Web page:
Russian President Vladimir Putin spoke on Thursday against U.S. plans to set up a Trans-Pacific Partnership without Russia and China.
“Obviously, the Trans-Pacific Partnership is just another U.S. attempt to build an architecture of regional economic cooperation that the USA would benefit from,” Putin said in an interview with leading Chinese media outlets.
He stressed his firm conviction that the new regional association should necessarily embrace Russia and China. “I believe that the absence of two major regional players such as Russia and China in its composition will not promote the establishment of effective trade and economic cooperation,” he said.
“The multilateral system of economic relations in the Asia-Pacific Region can only be strong if the interests of all states of the region are taken into account,” the President said.
“This approach is reflected in the draft of the Beijing road map for the establishment of an Asia-Pacific free trade area,” he said. “The draft is to be discussed at the forthcoming meeting of APEC leaders /that will be held in Beijing on November 10 and November 11 – TASS/.”
Trans-Pacific Partnership /TPP/, according to the concept of its organizers, should turn into an international trade and economic organization with a possibility of establishing a free trade zone in the huge region.
An idea to set it up was aired in 2003 by New Zealand, Singapore and Chile. These three countries and Brunei signed a founding agreement on the TPP in 2004.
The U.S. took interest in the project in 2008 but neither the Americans nor other nations have undersigned the founding agreement so far and are holding negotiations. Some experts think the TPP might take on the role of an alternative to APEC.
Putin indicated that it was not yet easy to evaluate the Trans-Pacific Partnership progress. “This initiative is carried out behind closed doors, even businesses and the public of the contracting states have no access to it, let alone other countries,” he said.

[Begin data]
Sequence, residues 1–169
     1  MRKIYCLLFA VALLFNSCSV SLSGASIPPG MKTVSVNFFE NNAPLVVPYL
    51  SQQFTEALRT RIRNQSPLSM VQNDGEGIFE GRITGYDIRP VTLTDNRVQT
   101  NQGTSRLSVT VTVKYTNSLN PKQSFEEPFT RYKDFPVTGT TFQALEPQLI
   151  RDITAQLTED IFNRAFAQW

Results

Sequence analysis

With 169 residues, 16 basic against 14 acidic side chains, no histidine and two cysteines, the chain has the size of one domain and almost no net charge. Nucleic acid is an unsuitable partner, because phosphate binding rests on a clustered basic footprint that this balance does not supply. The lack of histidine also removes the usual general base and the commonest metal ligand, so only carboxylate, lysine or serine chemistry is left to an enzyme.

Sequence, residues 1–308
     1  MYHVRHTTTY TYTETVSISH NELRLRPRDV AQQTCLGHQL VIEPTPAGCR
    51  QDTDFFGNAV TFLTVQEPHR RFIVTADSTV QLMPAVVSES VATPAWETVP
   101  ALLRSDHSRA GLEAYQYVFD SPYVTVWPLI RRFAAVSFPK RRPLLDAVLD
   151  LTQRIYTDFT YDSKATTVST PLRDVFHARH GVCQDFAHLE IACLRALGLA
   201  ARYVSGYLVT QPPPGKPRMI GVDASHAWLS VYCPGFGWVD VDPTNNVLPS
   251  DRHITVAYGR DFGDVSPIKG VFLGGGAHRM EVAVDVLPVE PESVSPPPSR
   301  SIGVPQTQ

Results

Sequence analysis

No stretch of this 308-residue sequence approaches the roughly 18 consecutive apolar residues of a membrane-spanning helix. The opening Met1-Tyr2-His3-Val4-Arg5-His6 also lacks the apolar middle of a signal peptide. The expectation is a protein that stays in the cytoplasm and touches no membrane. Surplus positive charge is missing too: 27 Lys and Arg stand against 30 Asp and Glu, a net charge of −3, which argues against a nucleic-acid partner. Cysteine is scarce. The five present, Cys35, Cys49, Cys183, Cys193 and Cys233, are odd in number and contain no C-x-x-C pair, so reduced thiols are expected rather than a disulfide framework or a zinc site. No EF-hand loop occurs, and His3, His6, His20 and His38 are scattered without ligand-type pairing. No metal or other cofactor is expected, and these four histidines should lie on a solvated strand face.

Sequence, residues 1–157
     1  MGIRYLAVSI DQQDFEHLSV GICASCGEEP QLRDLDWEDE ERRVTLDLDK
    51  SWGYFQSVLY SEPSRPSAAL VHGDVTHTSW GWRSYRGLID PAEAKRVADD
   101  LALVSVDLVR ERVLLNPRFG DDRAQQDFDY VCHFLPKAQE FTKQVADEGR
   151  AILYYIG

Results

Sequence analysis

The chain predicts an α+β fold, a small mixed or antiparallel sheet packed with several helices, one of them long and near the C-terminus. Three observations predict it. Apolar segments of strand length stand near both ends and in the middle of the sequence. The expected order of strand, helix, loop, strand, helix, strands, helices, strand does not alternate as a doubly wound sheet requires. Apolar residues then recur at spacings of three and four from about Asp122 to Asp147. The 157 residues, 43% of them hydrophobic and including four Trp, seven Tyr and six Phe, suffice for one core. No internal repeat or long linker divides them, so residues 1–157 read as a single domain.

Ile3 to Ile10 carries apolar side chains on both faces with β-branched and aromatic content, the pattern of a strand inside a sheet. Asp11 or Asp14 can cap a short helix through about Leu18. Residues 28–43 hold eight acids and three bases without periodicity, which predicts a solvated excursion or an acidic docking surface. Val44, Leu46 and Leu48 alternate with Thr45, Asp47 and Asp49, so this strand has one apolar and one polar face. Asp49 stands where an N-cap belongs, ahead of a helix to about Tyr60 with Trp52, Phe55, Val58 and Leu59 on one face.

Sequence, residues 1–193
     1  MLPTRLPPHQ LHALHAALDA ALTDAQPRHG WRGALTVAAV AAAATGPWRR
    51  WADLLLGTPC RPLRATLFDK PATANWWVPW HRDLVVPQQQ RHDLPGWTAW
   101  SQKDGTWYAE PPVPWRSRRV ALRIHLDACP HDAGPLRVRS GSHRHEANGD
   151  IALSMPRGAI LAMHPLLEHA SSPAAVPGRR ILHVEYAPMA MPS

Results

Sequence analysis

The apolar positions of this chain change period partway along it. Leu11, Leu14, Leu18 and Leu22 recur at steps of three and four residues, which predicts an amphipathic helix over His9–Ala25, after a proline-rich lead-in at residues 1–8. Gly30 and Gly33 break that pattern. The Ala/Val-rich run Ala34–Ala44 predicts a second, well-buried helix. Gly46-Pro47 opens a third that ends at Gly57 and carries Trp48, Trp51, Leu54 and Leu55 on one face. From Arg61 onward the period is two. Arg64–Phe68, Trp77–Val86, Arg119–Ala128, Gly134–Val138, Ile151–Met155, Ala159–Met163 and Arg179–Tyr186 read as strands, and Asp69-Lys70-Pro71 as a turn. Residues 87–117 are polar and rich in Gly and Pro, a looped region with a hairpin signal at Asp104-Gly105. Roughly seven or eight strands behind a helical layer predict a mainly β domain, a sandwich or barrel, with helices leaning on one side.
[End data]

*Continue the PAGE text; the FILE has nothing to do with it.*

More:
The President recalled that over the past five years of negotiations, “we have repeatedly heard about the success achieved but such statements have always been refuted later.”
“Last time this happened on the threshold of the APEC summit in Bali in November 2013,” Putin went on. “Looks like it was a question of continuing the negotiations, which have been “frozen” for over a year now. Dates for the resumption of negotiations have not been announced.”
Along with it, he indicated that conclusion of different regional free trade agreements was one of the global trends.
“It is no coincidence that this practice is widespread in the Asia-Pacific Region, which is becoming the center of global economic and political activity,” he said. “Today there are about 70 such agreements, and a number of projects are underway.”
Russia was seeking to strengthen regional economic integration, Putin said, adding the Russian leadership believed that free trade agreements were not to fragment the multilateral trading system, but rather to complement it, “to contribute to its consolidation and growth of interconnectedness.”
“The regional unions should not be turned against each other or otherwise divided,” Putin said. “Such agreements should be transparent, fair and address the needs of each economy. Regional integration should be transparent and promote information-sharing between all the negotiations processes.”
“We pay special attention to this approach in the implementation of our priority integration project – the Eurasian Economic Union,” Putin said. “Values and principles of this association’s activities are transparent and carried out in full compliance with the rules and regulations of the World Trade Organization.